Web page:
September 12, 2023

Timing the Market – from James Smith’s Investment Series 2023

Human behaviour is a funny thing. There have been countless articles about behavioural finance and its influence over why humans do certain things at certain times. When it comes to human behaviour, investing is no different.

With that in mind, let’s consider the implications of trying to ‘time the market’ with regards to managing an investment portfolio. We would all like a crystal ball that tells us when to buy and, more importantly, when to sell (especially given the market gyrations over the last 12mths). There is empirical evidence suggesting long-term investors benefit from staying the course, and, where possible, buying the dips! This is of course easier said than done when one may be influenced by headlines during any material market downturn. In this article we’ll look at staying the course and the implications for attempting to time the markets, potentially missing out on the ‘good days’.

Extreme market volatility (large moves up and down) tends to rattle investors. The media also plays a roll, meddling with the human psyche by often broadcasting alarmist headlines (“Investor Anxiety Hits a Fever Pitch After Silicon Valley Bank Collapse”, WSJ March 14, 2023). With the rise of algorithmic trading, in times of elevated volatility, intra-day market moves can be eye watering to observe and can rattle the most seasoned investor. One only needs to dig a little deeper into the intra-day movements of the bond market for example in the days preceding the Silicon Valley Bank collapse this year to fully appreciate how volatile the plumbing of the financial markets can be from time to time (SVB collapse unleashes Treasury volatility, whiplashing investors, Reuters 14th March 2023).

In such an environment, it is easy to understand how an investor could be lulled into thinking the best course of action is to “sell everything”. This is where liquidity also plays a part for long-term investors. An allocation to cash as part of your asset allocation provides liquidity and a buffer. This allows an investor to avoid ‘having to sell’ at market lows if cash is required to fund your lifestyle. We are strong advocates of having enough cash within a portfolio to support expected (and, to a degree, unexpected) expenses, removing the need to sell investments that may have lost value in a market downturn.

Succumbing to market fears and selling at the bottom (or into market weakness) is not always the best choice for a long-term investment portfolio. Often, the most volatile days of a market sell-off are also coupled with the best days in terms of markets moving higher. The compounding effect of not being exposed to that volatility over the long-term adds up. Potentially missing those few solid ‘up’ days (when trying to time the market) can have a lasting impact on your longer-term investment returns. You could miss out on the compounding effect of the market movements over the long-term.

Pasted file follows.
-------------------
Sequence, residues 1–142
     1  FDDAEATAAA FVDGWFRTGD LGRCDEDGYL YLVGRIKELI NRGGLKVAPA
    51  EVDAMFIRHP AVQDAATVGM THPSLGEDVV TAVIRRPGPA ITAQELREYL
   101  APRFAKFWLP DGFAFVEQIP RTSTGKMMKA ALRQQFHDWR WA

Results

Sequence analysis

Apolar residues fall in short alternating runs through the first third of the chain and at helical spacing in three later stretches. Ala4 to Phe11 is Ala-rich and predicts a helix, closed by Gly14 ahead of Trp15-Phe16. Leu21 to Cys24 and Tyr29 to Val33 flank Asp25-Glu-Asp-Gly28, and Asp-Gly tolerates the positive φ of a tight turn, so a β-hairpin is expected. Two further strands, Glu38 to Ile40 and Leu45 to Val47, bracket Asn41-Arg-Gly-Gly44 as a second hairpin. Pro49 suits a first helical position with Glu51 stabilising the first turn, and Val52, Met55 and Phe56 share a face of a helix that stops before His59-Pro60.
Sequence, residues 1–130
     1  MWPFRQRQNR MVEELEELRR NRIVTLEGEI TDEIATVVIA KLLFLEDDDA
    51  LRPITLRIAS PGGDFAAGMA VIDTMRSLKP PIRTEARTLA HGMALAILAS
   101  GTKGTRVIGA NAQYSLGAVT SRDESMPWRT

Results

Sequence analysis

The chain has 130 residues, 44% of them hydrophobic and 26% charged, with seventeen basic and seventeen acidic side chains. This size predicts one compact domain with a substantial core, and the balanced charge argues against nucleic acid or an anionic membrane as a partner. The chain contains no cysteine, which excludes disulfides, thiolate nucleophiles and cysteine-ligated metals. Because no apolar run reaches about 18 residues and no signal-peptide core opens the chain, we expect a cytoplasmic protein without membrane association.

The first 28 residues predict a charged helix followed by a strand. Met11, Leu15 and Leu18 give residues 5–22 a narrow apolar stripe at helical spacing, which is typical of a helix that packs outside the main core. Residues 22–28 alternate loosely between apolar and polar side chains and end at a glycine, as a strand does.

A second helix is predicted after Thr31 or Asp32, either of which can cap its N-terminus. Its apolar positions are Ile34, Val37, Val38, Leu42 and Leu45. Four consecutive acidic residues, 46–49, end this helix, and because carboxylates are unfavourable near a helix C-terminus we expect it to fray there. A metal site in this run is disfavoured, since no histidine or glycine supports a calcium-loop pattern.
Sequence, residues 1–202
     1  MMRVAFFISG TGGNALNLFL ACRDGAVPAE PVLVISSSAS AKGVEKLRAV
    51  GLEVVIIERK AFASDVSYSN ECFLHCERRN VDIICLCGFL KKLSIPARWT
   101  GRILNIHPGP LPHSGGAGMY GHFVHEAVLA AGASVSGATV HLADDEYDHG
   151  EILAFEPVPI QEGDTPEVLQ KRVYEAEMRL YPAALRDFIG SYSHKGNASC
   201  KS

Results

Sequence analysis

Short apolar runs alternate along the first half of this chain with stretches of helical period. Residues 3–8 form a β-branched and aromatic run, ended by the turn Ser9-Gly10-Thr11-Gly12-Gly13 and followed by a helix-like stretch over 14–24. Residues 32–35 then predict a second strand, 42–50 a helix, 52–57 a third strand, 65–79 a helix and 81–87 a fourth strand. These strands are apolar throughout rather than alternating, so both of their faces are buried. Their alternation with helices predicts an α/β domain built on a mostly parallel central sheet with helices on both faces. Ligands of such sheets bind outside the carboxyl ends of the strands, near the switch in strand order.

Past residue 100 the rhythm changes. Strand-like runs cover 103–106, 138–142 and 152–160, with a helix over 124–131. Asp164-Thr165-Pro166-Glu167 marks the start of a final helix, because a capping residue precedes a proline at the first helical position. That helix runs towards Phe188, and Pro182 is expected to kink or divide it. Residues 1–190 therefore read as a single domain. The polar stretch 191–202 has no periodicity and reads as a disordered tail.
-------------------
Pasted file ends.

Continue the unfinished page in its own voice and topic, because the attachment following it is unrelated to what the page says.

It is very easy to get fixated on shorter term returns (again, human behaviour) however, the more important returns are those seen over the longer term, where the compounding effect of your investments goes to work (think 5, 10 & 15 years). Every additional return that you make over the longer term contributes to the overall performance of your investment portfolio.

While we at Providence are advocates (and practitioners) of a diversified, multi-asset class investment approach, for illustrative purposes consider the following:

Almost every significant stock market movement of large-scale gains and falls occurs over a handful of trading days each year. Missing these days can have a material impact on overall returns. For example:

  • Over the period between January 1993 to December 2022, the annualised return for $10,000 invested in the ASX 200 Index was 9.51% for someone who remained fully invested.
  • Missing the 10 best days over that same period reduced that annualised return to 7.75%. Your overall return for missing those 10 best days vs. staying fully invested would have been 20% lower per annum.
  • Missing the 30 best days reduced the annualised return further to 4.79%. Your overall return for missing those 30 best days vs. staying fully invested would have been 49% lower per annum.


The chart below provides further detail. Never underestimate the power of compounding returns over the long-term.


And further, if one was to look at the average intra-year declines of the equity market (ASX 200 depicted in the chart below) we can see that it is quite normal to see a significant level of intra-year movement at the index level. Indeed, despite an average intra-year decline to 13.9%, the annual returns of the ASX 200 Index are positive in 20 out of 29 years.

Source: JP Morgan Asset Management

Some notable quotes to leave you with:

“ The individual investor should act consistently as an investor and not as a speculator.”  Benjamin Graham

“ Our favourite holding period is forever.”  Warren Buffett

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